She said: "The students were able to solve a real life problem which the deaf community is faced with. They were able to solve how we can make education equal for both the hearing and the hearing impaired without having to segregate them. The children took up the challenge and delved into something they knew very little about. These students will never forget the problems people with disabilities face.
The competition called for teachers to have some form of collaboration they asked you as well to use (Information and Communications Technology (ICT) in a new and interesting way. They wanted to see how innovative the teacher could be and how they could present students with a problem and help them to solve it."
Gonzales-Lord, a Chemistry and Integrated Science teacher, said not enough is being done to successfully integrate children with varying disabilities into mainstream schools. She noted that there are only seven secondary schools that are fully equipped to help the deaf and hearing impaired in this country.
"My students didn't know this and when they found out they could not believe it. This was when they understood that their project has far reaching consequences. They knew they were solving a real life problem that many students face every day. I think it made them try even harder; they stayed up nights, they had to go over and beyond studying from a book to make this a reality. If I told them to go and memorise the planets they would do that but it would mean nothing to them. But they will never forget this project—it was more than just learning about the solar system. This was about making changes."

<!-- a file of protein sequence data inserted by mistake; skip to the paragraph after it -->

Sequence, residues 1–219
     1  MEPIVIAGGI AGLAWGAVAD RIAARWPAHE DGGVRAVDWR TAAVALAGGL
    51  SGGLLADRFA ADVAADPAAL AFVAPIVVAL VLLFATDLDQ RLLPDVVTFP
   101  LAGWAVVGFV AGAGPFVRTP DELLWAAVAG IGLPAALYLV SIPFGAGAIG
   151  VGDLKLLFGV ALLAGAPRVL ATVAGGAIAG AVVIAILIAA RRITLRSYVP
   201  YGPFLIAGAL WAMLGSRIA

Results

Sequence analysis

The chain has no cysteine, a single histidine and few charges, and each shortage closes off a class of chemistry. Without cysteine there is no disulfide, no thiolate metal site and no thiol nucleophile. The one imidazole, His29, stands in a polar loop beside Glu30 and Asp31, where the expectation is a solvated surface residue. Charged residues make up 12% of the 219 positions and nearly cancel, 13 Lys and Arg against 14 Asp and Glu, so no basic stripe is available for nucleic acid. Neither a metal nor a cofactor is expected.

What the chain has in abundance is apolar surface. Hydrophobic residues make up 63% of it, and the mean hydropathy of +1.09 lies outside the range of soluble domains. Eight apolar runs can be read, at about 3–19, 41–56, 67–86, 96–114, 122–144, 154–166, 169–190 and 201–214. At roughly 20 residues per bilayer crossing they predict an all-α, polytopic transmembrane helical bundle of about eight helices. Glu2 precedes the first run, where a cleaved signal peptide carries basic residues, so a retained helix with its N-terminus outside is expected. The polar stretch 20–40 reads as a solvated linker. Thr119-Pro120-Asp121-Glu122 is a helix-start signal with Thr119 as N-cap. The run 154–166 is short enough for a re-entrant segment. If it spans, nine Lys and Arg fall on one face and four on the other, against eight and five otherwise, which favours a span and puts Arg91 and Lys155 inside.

The teacher/student group teamed up with the Cascade School for the Deaf and created a game that could teach hearing impaired as well as hearing students about the solar system. Gonzales-Lord wanted the children at the Cascade school to critique the game so she sent a proposal to the school and they said it was too advanced for the students.
"We also used software that would assess how much we learnt by letting them do an online assessment. The software corrected their assessment automatically. I also contacted the Touch of Christ Community for the Deaf and asked them about sign language lessons so we could experience how the deaf communicate. For the five form one classes that participated it turned out to be less sign language and more about learning about the deaf culture. In designing the video games they took that into consideration. We are talking about the average 12-year-old."
Using Microsoft Worldwide Telescope, the group focused on the planetarium tour to create an overview of the solar system. The children also did video journals about how they felt about their journey and experience.
The teacher said it was amazing to see her pupils work on the project.
"They had to think logically and relay the information. They also took into consideration that it incorporated the hearing audience."